Hey all, I finally snapped the last of the pictures I need for my next Brayton update, so now I just have to write it up. That’ll only take a few hundred hours, right? Well, hopefully that won’t be the case this time. ;-) I’m pretty excited about this update, so expect it within the next day or so.
In the meantime, I’ve plugged all of the Braytons and Haddaways into my Tribal Pages family tree site, so you can refer to it if you ever get confused about who’s who. I don’t have pictures for everyone yet, mainly because most of them are going to age up in the next installment, and I figured I’d wait. Also, the Hutchins/Lloyd side of the family isn’t up yet, but will be soon.
And if you enjoy history, fashion, and architecture from the Victorian and Edwardian eras, check out these cool sites, all of which have helped inspire and educate me while writing about the Braytons:
The Gamble House – Built in 1908 and my inspiration for the new Brayton abode. (I’ve got a looong way to go!)
Antique and Vintage Dress Gallery – Some of the most gorgeous clothes I have ever seen. And they’re available for purchase! You know, if you’re rich and stuff.
Victorian Station – Vintage Victorian house plans. I never got to use any of these, but they are extremely cool.
Internet Archive: Oldtime Audio – Here you can listen to recordings from 70-100 years ago and marvel at how much popular music has changed over the last century.
The Mount – Edith Wharton’s estate and gardens, now a National Historic Landmark. I’ve been on an Edith Wharton kick lately, mostly inspired by my scant research of the Victorian era. I just finished reading The House of Mirth, which I liked very much, and am now reading The Age of Innocence, which I love so far. If you’re not a big reader but enjoy the Victorian period, check out the movie versions of both — they’re excellent.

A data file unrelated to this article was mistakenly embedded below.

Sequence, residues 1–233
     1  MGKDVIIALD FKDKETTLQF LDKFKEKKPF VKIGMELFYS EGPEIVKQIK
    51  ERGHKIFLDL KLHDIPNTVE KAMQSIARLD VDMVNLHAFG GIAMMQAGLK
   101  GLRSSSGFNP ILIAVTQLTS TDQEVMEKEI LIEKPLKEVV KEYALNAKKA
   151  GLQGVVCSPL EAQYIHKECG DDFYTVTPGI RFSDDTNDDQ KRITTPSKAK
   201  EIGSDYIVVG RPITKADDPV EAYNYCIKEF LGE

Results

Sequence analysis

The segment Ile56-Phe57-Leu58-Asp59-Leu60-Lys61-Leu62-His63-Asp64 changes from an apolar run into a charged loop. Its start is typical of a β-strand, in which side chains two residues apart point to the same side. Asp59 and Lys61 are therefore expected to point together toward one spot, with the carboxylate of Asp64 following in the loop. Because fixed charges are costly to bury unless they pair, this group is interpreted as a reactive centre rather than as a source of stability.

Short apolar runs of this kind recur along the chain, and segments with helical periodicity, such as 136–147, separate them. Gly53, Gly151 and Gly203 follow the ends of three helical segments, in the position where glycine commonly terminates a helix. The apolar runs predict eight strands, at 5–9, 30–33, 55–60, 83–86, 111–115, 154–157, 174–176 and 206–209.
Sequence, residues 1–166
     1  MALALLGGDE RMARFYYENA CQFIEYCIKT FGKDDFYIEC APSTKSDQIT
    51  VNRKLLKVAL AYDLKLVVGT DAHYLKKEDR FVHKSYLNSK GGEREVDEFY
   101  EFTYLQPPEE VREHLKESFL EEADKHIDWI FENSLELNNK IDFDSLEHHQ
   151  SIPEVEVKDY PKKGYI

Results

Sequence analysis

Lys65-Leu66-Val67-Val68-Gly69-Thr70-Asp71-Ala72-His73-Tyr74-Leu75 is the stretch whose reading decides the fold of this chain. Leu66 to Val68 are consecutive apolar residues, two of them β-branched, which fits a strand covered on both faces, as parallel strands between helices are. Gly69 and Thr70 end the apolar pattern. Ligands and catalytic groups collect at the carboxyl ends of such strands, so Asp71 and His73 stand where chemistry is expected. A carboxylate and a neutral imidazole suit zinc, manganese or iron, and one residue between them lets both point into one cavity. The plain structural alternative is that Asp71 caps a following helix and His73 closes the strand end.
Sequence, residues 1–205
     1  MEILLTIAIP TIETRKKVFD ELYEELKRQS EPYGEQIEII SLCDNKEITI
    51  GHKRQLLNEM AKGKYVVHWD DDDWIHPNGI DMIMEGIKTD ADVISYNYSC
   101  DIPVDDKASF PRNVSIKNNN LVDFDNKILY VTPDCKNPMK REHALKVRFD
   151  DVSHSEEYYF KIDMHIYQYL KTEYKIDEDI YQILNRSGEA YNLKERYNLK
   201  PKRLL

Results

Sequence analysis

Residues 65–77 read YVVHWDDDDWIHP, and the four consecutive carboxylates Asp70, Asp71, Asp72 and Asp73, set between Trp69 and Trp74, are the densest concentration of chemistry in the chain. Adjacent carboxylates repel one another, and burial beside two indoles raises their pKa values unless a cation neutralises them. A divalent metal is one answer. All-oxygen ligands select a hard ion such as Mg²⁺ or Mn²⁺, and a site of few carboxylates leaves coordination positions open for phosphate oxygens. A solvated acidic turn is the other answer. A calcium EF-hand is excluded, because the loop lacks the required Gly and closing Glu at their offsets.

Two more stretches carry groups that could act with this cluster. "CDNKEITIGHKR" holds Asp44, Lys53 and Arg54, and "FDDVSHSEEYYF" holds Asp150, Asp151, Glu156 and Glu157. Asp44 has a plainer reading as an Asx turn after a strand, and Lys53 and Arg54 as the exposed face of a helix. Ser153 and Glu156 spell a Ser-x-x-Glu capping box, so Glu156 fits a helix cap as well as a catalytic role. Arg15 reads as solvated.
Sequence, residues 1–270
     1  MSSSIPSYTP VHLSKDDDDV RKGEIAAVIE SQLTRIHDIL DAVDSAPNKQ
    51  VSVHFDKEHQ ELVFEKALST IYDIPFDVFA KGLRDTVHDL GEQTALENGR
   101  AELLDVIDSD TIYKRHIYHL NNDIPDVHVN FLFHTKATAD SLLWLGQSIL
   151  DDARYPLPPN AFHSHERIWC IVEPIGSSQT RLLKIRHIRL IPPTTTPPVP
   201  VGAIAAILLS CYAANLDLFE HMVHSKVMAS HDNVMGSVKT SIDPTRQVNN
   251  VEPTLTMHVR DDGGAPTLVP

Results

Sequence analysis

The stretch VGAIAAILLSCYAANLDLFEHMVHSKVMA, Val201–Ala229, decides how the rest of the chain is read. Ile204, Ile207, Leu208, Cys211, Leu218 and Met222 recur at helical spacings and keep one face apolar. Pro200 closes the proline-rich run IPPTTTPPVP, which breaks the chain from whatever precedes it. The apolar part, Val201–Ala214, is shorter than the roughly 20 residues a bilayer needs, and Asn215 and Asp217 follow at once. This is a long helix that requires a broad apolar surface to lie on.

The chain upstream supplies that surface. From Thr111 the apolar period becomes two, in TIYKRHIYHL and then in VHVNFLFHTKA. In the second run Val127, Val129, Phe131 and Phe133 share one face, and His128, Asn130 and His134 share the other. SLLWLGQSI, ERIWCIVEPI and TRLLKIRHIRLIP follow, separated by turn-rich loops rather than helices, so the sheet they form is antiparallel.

1900 House and Manor House – These PBS/BBC programs are amazing. For the 1900 House, they took a modern British family and installed them in a house refurbished to be exactly as it would have been in the year 1900. They had to live their lives as closely as possible to how they would have lived them in 1900. Completely fascinating show. Even better is the Manor House series, which takes a modern British family and puts them in an enormous and elegant Edwardian manor house, then employs 14 everyday people to be their servants. The contrast between upstairs and downstairs is almost disturbing at times, and it’s intriguing to watch the two worlds develop. These shows aren’t currently being aired on PBS, but you can rent them from Netflix or perhaps your local video store. If you’re interested in social history, the Victorian/Edwardian eras, and reality-type shows, you might enjoy these.